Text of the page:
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Over the past 50 years, for many, the World Series of Poker has grown into more than just a poker series. It’s become a pilgrimage of sorts. Players from all over the world head to Las Vegas to take their shot at battling against the best, bringing home a bracelet and possibly be crowned a World Champion. With the WSOP regularly taking place in the U.S., it’s no surprise that American players, far and away, have amassed the most bracelets in WSOP history. It’s nearly 20 times that of the next nearest country. But this year is different and the tables have turned. After the month of July, the focus of the bracelet chase will be handed over to GGPoker where the rest of the world will have the edge on grabbing gold as American players continue to be shut out of the global online poker scene. On GGPoker, players from nations from around the world who wouldn’t otherwise make it to the Rio this summer will be looking to add to their own poker resume while contributing to the WSOP legacy of their country. Brazil It’s no secret Brazilians love their poker. They also love playing online. In the history of PocketFives, four Brazilian players have climbed to the #1 worldwide ranking. But when it comes to the World Series of Poker, Brazil isn’t even in the top 10 countries when it comes to taking down WSOP events. Through the end of 2019, six players have earned a bracelet including one of those former #1-ranked online players, Yuri Martins Dzivielevski. Dzivielevski grabbed his first WSOP win just last year after taking down the $2,500 Mixed Omaha/Seven Card Stud Hi/Li 8 or Better event for over $213K. Dzivielevski, partypoker ambassador Joao Simeo, WSOP bracelet winner Andre Akkari, and GGPoker ambassador Felipe Ramos are just some of Brazil's top-flight talent that make it so it wouldn’t be unthinkable for Brazil’s total bracelet count to double in 2020. Canada The truth is, it’s been hard for Canada to compete for bracelets in the U.S. Not because of a lack of talent, there’s more than enough. But because of tax ramifications. When Canadians win at the WSOP they can lose as much as 30% to the US-Canada Tax Treaty, making it hard to be profitable in tournaments. That hasn’t stopped Canada from claiming the #2 spot with 60 total bracelets. Led by Daniel Negreanu and his six wins, Canada boasts numerous multi-time bracelet winners including Greg Mueller, Mark Radoja, Kristen Bicknell and 2010 World Series of Poker Main Event champion Jonathan Duhamel, the first and only Canadian to hold that title. There’s a good chance for Canada to add to their legacy and strengthen their bracelet count in 2020. It’s well known that Negreanu, also a GGPoker ambassador, is going to charging hard for a bracelet with over $500,000 in bracelet bets on the line. Also online crushers like Bicknell, bracelet winner Mike Leah, former #1-ranked PocketFiver Sebastian ‘p0cket00’ Sikorski, and recent PokerStars Spring Championship of Online Poker winner Mike Watson all have full reign to win without getting punished in the wallet simply for being great. United Kingdom Some of the most colorful characters to grace the World Series of Poker stage have come from the UK. Many of which have contributed to the country’s 51 bracelets. David ‘Devilfish’ Ulliott, Luke Schwartz, Roland de Wolfe, Jake Cody, and Barny Boatman are just some of the legendary names that have posed for a WSOP winner’s photo and elevated the profile of poker in the UK. This year it will be a new crop of players who will lead the charge for England starting with the current #1 ranked online poker player in the world, Conor ‘1_conor_b_1’ Beresford. In fact, four of the top 20 online players in the world play from the UK including Patrick ‘pleno1’ Leonard and Tyler ‘Wonderboy222’ Goatcher. In the history of the UK, only seven players have earned multiple bracelets and if there’s one player who is a favorite to join that club it would be high roller savant Stephen Chidwick. Chidwick, who holds a bracelet of his own, is one of the most talented tournament players in both the live and online arena. Provided he has the time, he could even have a shot at catching Benny Glaser, who holds the UK’s record as a three-time bracelet winner. Russia Russia and France both have 22 bracelets, but when it comes to playing online Russia gets a definitive edge. It’s impossible to forget the impact that Russian players have had on the World Series of Poker from Ivan Demidov’s runner-up finish the original November Nine for over $5.8 million to Vitaly Lunkin taking down the 40th WSOP Anniversary event for his second gold bracelet. But while Russia is another talent-rich country, it takes a lot of effort to make it from Moscow to the middle of the Amazon Room. While Dennis ‘aDrENalin710’ Strebkov made the journey in 2019 and went home with a bracelet, many of the online crushers from Russia opt to grind online through the summer. It’s those players, like former #1-ranked ‘veeea’, who could break the tie with France this year and tack on to Russia’s total. That is unless Bertrand ‘ElkY’ Grospellier has anything to say about it. The truth is that for many countries, the series on GGPoker can really impact their gold bracelet standing. In China, there are four players who have won a bracelet. With GGPoker’s wide exposure to the Asian market, there’s a very good chance that that club will be adding some new members in 2020. There’s only one bracelet winner from Uruguay, Alex Komaromi, who won his at the WSOPE in 2015. Top-ranked players from Hungary, like ‘Wildace_hun’ have the chance to break a long-standing five-country tie of five bracelets. While none of these countries are going to make up much ground on the 1,1132 bracelets earned by Americans, the gold they take home this summer will be an important part of WSOP, and their countries, legacy in poker.
The first gold bracelet won every summer at the World Series of Poker is always a special one. For the winner, it’s an unbelievable thrill, a tone setter, a bankroll booster, and a stress reliever all at once. For the media and fans, it’s the first of many headline-grabbing triumphs. For other competitors, it represents that there is gold at the end of the long rainbow. All of those things are great, but does success beget further success? Here’s a look at how the first gold bracelet winner of the summer has performed throughout the rest of the WSOP. For this article, PocketFives examined the results of the first winner of an individual open gold bracelet event going back to 2004. This time period can be commonly referred to as the "modern poker era." 2004: James Vogl At the 2004 WSOP, James Vogl topped a field of 834 entries to win the $2,000 No Limit Hold’em event for $400,000. Vogl would go on to cash twice more that summer, but the scores were much smaller than his victory. Vogl finished 27th in the $5,000 No Limit Hold’em event for $7,160 and 12th in the $1,500 No Limit Hold’em event for $12,660. 2005: Allen Cunningham Five-time gold bracelet winner Allen Cunningham was the winner of the first bracelet in 2005. Not only was his victory a big one, as Cunningham won the 2,305-entry $1,500 No Limit Hold’em event for $725,405, but it ignited quite the summer for the seasoned professional. After the opening win, Cunningham cashed four more times, and each of the additional cashes came in $5,000 buy-in events. First, he took fourth in the $5,000 Pot Limit Hold’em and fourth in the $5,000 Pot Limit Omaha events for $89,865 and $141,245, respectively. Cunningham then placed 29th in the $5,000 Six-Max No Limit Hold’em for $8,490 and seventh in the $5,000 Omaha Hi-Lo for $42,110. All told, Cunningham earned $281,710 after his opening win that summer. Cunningham’s performances were enough to win him the 2005 WSOP Player of the Year award. 2006: Brandon Cantu After Brandon Cantu won the opening $1,500 No Limit Hold’em event for $757,839, he didn’t cash for the rest of the 2006 WSOP. 2007: Steve Billirakis Like Cunningham, Steve Billirakis opened with a win and then earned four cashes afterwards. His opening win was worth $536,287 after Billirakis topped a field of 451 entries in the $5,000 Limit/No Limit Hold’em tournament. He then scored 45th-, 29th-, 16th-, and 33rd-place finishes in future events. Whereas Cunningham won nearly $300,000 in additional prize money, Billirakis’ four other cashes only totaled $57,458. That’s not bad, but it’s not nearly the year Cunningham had. 2008: Nenad Medic Nenad Medic opened the 2008 WSOP with a bang, scoring first place in the stacked $10,000 Pot Limit Hold’em tournament for $794,112. Medic only cashed once more that summer, taking 24th in the $1,000 No Limit Hold’em for $16,496. 2009: Thang Luu Not only did Thang Luu kick off the 2009 WSOP by winning the $1,500 Omaha Hi-Low tournament for his second gold bracelet, but he did so after winning the same event the previous year. In 2009, Luu’s win was worth $263,190. After this, Luu cashed just once for $8,983. 2010: Michael Mizrachi The year 2010 was a banner year for Michael Mizrachi at the WSOP. He opened things up in enormous fashion by winning the famed $50,000 Poker Players Championship for $1.559 million. Mizrachi then put together quite an impressive string of four more cashes and was challenging for the WSOP Player of the Year award that ultimately fell to Frank Kassela. Additional scores were had that year by Mizrachi when he took sixth in the $10,000 Seven-Card Stud Championship for $68,949, eighth in the $10,000 Limit Hold’em Championship for $49,732, and 26th in the $2,500 Mixed for $6,324. Mizrachi wasn’t done there, either. He reached the final table of the WSOP Main Event and scored fifth place for a whopping $2.332 million. 2011: Jake Cody After Jake Cody opened the 2011 WSOP by winning the $25,000 Heads-Up Championship for $851,192, he only cashed twice that summer and both were for less than $20,000. Cody did, however, place seventh in the 2011 WSOP Europe Main Event for €150,000 ($200,379). 2012: Brent Hanks Brent Hanks won the $1,500 No Limit Hold’em event to kick off the 2012 WSOP. That event drew 2,101 entries and Hanks scored $517,725. Hanks’ only other cash that summer at the WSOP was a 282nd-place finish in the WSOP Main Event for $38,453. 2013: Trevor Pope The opening to the 2013 summer was a big one for Trevor Pope, as he scored first place in the $5,000 No Limit Hold’em event for $553,906. Pope came to the final table with an incredibly large chip lead and rode it all the way to the winner’s circle. After that, Pope cooled off and only cashed two more times. He finished 48th in the $2,500 Four-Max No Limit Hold’em for $5,253 and 13th in the $5,000 Six-Max Pot Limit Hold’em for $19,646. 2014: Vanessa Selbst Vanessa Selbst scored a big victory to open the 2014 WSOP when she won the $25,000 Mixed-Max No Limit Hold’em to the tune of $871,148. Following her opening win that summer, Selbst only cashed once more. Her second cash was a 38th-place finish in the $2,500 Omaha Hi-Lo/Seven-Card Stud Hi-Lo worth $5,517. 2015: Nick Petrangelo Nick Petrangelo had a great 2015. It was his first breakout year that saw him win more than $3.4 million on the live felt. Included in that was a $201,812 gold bracelet victory at the World Series of Poker. Petrangelo won the first piece of jewelry that summer by taking down the $3,000 No Limit Hold’em Shootout atop 308 entries. Despite his big year and first gold bracelet win, not much materialized for Petrangelo over the remaining WSOP events that year. In Las Vegas, he cashed in the $10,000 Main Event for $17,282, and then he took 26th in the €3,250 No Limit Hold’em event at WSOP Europe for €6,035 ($6,863). 2016: Kyle Julius Like Cunningham, Billirakis, and Mizrachi, Kyle Julius, winner of the first gold bracelet in the summer of 2016, cashed four additional times following his trip to victory lane. Julius opened the summer with a win in the $1,000 Top Up Turbo No Limit Hold’em for $142,972. He then record small cashes in the Colossus and $1,500 No Limit Hold’em before returning to a top-10 result in the $5,000 Turbo No Limit Hold’em. In that event, Julius took ninth from a field of 524 entries and won $35,636. That summer, Julius would also take 21st in the $111,111 High Roller for One Drop to add $187,576 to his bankroll. 2017: Upeshka De Silva Upeshka De Silva stormed out of the gate in 2017 with a victory in the $3,000 No Limit Hold’em Shootout for $229,923. He then put together four more cashes - just like Cunningham, Billirakis, Mizrachi, and Julius did in prior years - but De Silva couldn’t quite make it back to a WSOP final table that summer. He did place 30th in the 1,759-entry $2,620 Marathon tournament for $17,491, but that was De Silva’s deepest run outside of his opening gold bracelet win. 2018: Elio Fox In 2018, it was Elio Fox, winner of the 2011 WSOP Europe Main Event, who took the first gold bracelet of the summer. Fox won the $10,000 Turbo No Limit Hold’em event for $393,693. From there, Fox would put together a decent list of three more cashes. He took second in the $100,000 High Roller for $1.798 million, finished 92nd in the $1,500 Millionaire Maker for $8,976, and took ninth in the $50,000 High Roller for $139,699. $357,937 Won and 2.4 Cashes On Average Looking at the whole of it all, the first gold bracelet winners each summer, going back to 2004, averaged $357,937 won and 2.4 cashes that same summer following the gold bracelet win. None of these players were about to earn a second gold bracelet in that same summer, but some did come close by returning to a WSOP final table. Those to perform the latter were Cunningham in 2005, Mizrachi in 2010, Cody in 2011 if you count WSOP Europe, Julius in 2016, and Fox in 2018. Both Cunningham and Mizrachi made it back to three final tables following their opening win. In total, players to win the opening gold bracelet of the summer cashed 36 additional times at the WSOP that year, again that’s if you include WSOP Europe. Of those 36 cashes, six were worth more than six figures and two were in the seven figures. Three times a player landed a score for more than the gold bracelet win, too. Those three times came with Mizrachi in 2010, Julius in 2016, and Fox in 2018. What Does This Mean for Brian Green? The question now is, what does this all mean for Brian Green? He won the first gold bracelet at the 50th annual 2019 World Series of Poker when he topped a field of 204 entries in the $10,000 No Limit Hold’em Super Turbo Bounty event. Green won $345,669. Green now has 25 WSOP cashes. A few times, he put together a nice handful of in-the-money finishes during the summer, so we’ll likely see a fair amount of volume from him given his successful start to the 2019 WSOP. In 2014 and 2015, Green cashed five times each summer at the WSOP. In 2016, he cashed four times. Although he failed to record a WSOP cash in 2017, Green added four more trips to the money in 2018. He frequents the higher buy-in No Limit Hold’em events a lot, so if he makes any additional noise in 2019 it will likely come from one of those tournaments. If we were to take a guess as to how Green will do for the remainder of the 2019 WSOP, we’d say he’ll land three or four more cashes and that there’s a high probability one of those is a score in the six figures.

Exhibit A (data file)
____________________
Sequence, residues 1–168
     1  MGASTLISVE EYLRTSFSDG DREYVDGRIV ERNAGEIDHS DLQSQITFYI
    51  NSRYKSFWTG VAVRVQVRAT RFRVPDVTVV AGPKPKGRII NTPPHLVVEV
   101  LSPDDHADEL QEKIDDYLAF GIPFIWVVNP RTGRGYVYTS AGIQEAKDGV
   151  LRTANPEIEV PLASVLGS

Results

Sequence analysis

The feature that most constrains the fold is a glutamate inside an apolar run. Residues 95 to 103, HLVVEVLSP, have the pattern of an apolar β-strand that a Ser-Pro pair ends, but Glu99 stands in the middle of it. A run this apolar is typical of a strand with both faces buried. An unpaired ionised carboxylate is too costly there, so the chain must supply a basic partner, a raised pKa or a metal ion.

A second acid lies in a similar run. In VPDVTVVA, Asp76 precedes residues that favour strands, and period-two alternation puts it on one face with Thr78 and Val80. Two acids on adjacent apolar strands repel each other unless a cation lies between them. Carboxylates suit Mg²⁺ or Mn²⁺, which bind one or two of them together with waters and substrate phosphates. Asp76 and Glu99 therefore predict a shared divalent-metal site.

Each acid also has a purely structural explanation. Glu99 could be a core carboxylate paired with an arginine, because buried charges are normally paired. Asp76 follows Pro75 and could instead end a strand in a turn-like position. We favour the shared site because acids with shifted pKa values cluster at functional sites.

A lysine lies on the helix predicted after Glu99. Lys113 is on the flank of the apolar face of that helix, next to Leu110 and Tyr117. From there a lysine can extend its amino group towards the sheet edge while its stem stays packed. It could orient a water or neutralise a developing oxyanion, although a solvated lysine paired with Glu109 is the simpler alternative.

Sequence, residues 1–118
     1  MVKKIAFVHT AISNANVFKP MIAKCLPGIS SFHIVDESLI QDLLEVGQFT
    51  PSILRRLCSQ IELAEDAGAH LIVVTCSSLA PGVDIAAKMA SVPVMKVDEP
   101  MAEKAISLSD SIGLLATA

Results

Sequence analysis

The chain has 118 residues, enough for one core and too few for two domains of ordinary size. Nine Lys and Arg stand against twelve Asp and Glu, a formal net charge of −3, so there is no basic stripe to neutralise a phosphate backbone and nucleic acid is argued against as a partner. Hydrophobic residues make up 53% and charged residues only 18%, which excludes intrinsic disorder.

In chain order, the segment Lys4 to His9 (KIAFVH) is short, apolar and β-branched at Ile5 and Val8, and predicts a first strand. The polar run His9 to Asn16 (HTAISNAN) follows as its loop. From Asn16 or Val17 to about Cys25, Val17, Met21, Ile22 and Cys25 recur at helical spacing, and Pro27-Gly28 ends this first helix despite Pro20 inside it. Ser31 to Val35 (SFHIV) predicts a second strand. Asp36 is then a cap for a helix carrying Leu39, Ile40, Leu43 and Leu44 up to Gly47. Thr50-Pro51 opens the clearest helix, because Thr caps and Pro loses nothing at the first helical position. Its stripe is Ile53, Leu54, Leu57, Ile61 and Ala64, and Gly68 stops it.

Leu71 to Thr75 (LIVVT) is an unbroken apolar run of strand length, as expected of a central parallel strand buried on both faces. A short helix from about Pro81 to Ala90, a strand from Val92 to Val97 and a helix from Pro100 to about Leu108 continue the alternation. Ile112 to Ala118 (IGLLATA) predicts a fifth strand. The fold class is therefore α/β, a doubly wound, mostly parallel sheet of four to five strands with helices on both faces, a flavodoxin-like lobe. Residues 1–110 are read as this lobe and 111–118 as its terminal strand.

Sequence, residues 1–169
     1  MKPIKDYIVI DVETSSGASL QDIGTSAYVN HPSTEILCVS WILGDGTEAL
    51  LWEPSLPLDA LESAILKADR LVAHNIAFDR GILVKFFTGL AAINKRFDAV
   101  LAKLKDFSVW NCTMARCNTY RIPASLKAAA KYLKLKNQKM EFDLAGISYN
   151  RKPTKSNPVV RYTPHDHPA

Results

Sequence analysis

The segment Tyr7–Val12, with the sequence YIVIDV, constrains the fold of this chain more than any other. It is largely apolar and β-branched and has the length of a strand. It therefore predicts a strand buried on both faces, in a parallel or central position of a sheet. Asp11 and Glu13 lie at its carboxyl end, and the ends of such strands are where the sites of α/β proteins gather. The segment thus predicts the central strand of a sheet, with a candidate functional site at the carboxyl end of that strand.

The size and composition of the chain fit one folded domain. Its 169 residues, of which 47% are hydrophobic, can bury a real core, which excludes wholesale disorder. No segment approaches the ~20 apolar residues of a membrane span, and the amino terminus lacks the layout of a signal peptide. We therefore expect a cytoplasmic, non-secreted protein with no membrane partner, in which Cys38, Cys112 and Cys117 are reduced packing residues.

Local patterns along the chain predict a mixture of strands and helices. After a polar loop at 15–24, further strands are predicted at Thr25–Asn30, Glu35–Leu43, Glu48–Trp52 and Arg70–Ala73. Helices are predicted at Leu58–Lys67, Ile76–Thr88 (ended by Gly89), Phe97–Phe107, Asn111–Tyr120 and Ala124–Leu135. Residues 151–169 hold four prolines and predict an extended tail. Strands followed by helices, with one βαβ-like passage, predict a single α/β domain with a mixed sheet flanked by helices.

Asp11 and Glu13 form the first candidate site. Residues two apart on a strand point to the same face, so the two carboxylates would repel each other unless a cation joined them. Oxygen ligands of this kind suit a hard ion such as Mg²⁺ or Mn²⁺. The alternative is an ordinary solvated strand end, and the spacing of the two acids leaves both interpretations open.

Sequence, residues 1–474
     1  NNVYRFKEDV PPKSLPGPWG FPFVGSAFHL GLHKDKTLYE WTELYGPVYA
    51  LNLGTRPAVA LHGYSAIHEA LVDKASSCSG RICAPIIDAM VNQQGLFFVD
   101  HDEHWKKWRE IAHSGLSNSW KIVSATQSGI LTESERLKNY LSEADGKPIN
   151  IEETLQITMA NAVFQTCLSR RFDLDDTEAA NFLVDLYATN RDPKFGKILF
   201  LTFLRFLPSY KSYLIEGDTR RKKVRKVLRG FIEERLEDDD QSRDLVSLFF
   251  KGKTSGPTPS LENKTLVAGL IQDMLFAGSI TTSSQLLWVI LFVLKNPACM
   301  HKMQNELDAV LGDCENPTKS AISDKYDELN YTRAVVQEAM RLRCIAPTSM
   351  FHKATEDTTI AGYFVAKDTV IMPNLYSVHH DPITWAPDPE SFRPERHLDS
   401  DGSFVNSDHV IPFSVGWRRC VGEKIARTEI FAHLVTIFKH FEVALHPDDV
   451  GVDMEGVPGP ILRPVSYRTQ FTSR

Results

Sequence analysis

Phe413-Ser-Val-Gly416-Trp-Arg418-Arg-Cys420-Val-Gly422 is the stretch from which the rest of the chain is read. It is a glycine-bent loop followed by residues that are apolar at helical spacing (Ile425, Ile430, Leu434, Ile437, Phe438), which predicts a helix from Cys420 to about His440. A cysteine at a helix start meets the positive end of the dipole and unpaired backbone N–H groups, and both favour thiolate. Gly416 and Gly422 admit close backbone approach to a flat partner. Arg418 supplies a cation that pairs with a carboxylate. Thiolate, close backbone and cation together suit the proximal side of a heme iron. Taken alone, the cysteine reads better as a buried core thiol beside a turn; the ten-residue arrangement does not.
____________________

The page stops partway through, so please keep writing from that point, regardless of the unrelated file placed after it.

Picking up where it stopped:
[caption width="640"] For the last seven weeks Team PokerStars Pro Jake Cody has been giving fans a chance to get to know him better through his vlog (PokerStars photo)[/caption] When the PokerStars Championship Bahamas gets underway later this week you might see Jake Cody walking the hallways of the Atlantis Resort, talking to himself. While plenty of poker players walk away from a tournament muttering under their breath or yammering on to the poker gods about how a hand played out, Cody’s modus operandi is a little different. The 28 year old is doing it to share his story with a fast-growing audience through the vlog he started in late 2016. Each episode, posted on YouTube, runs between 10 and 20 minutes and is built around the Team PokerStars Pro taking viewers inside his life as a poker pro including tournament recaps, hand reviews and some of the fun stuff that happens on the road. “One day I just woke up and was like ‘Okay, I’m going to go buy a camera’. So I bought a camera, didn’t really know that much about it. I did study photography in college but that was quite a long time ago now,” said Cody, who says he spends a lot of time on YouTube watching all kinds of videos. “So I started just watching loads of training videos, and just different techniques about the whole thing; vlogging, editing, and using the camera.” “Basically for just two or three weeks I was pretty obsessed with it. I started practicing doing the vlog, then eventually I was like ‘Okay, this is going to be day one’ and that was the first one,” said Cody, who was inspired after finding fellow poker pro Andrew Neeme’s vlog one day. “It was really quite random. (Neeme) literally uploaded his first video four days before and so I got there real early, I was one of his first viewers. Obviously he’s had loads of success since, and I am just trying to do my own thing.” Over the last seven weeks of 2016 Cody released nine vlogs and the self-taught videographer-slash-editor-slash-writer admitted it’s been a process to not only learn how to do it all, but fit it into the busy schedule of a globetrotting poker pro. “For example in Prague, it took me so long to get that one out not only because there was stuff going on, but just playing in the tournaments and being at the event and trying to do all the editing at the same time was quite a lot,” said Cody. “I like to think I’m getting better at it. I’m mostly focused on the editing side of it at the moment. I’m constantly watching other people for inspiration and see what other people are doing to do my own take on them. But I do think I’m getting better, and hopefully I’ll be getting quicker so I’ll be able to get videos out quicker because I that’s the thing at the moment, I feel like I need to be uploading more.” The desire to produce more content is mainly driven by the response Cody has received to his venture into this new project. Friends, family, other poker players and poker fans on YouTube have all given plenty of love and support. Still, putting more of the personal parts of his life into his vlogs isn’t easy for Cody. The Triple Crown winner doesn’t fit the bill as one of those poker players who seeks the spotlight and media attention, but he does get recognize there is some real value in letting the world get to see more than just how he plays pocket jacks from under the gun. “I’m not really one for talking about feelings and stuff, but it does feel like a bit of self-therapy, even just talking to the camera with nobody there even if I’m not uploading it,” said Cody. “I actually found it easier to talk to the camera than I would to people, which might be weird but I guess it’s because you don’t feel like you’re being instantly judged and you can just delete it. But there’s quite a big difference to just actually putting it online when you know people are going to see it. Who knows what people are going to think?” The PokerStars Championship Bahamas will provide Cody with plenty of opportunities to showcase more than just the poker. The event, formerly known as the PokerStars Caribbean Adventure, has always been the first big tournament on the calendar each year, but it’s also at a world-class resort with lots of other activities going on. That’s a big part of what Cody, who is headed ot the Bahamas for he seventh straight year, likes about the event. “I have good memories of PCA because it’s the first trip where I ever saw some of the American pros who like, in my head, they were people i couldn’t even imagine being real. I’d only ever seen them on High Stakes Poker or World Series coverage,” said Cody. “I remember seeing Mike Matusow, he flew past me on a scooter, and I was completely star struck. So that was my first experience with the American pros.” Along with finding himself rubbing elbows and seeing flops with the players he admired from TV coverage, Cody also looks back at his early years at the PCA and sees a player and a person who is quite different from the one he is now. “My very first trip I actually didn’t play the Main Event. I was the plus one of my friend who won a package and i just came over to play side events. I was one of those young kids on my laptop in the lobby,” said Cody. “That very first year we were just so anti-social, we didn’t even see sunlight we just was there playing online poker and a few side events. We were completely obsessed.” From that obsession to over $4 million in lifetime earnings, a World Series of Poker bracelet, a European Poker Tour title and a World Poker Tour title, on top of the vlog and a spot on Team PokerStars, Cody fits the bill of a poker superstar, but he doesn’t see it that way at all, and that might just be what makes his vlogs so popular with poker fans. “It’s definitely hard to put it in your head and quantify that. Especially since sometimes on the vlog they’ll say ‘oh I followed you from your PKR days’ or back in the World Series in 2011 or the EPT in England,” said Cody. ”I guess you think you don’t think you have an impression on that much until people actually say it to you. It’s kind of nice, but a bit weird too. I don’t really see myself as famous really, but it’s nice when people say they want to see you do well.”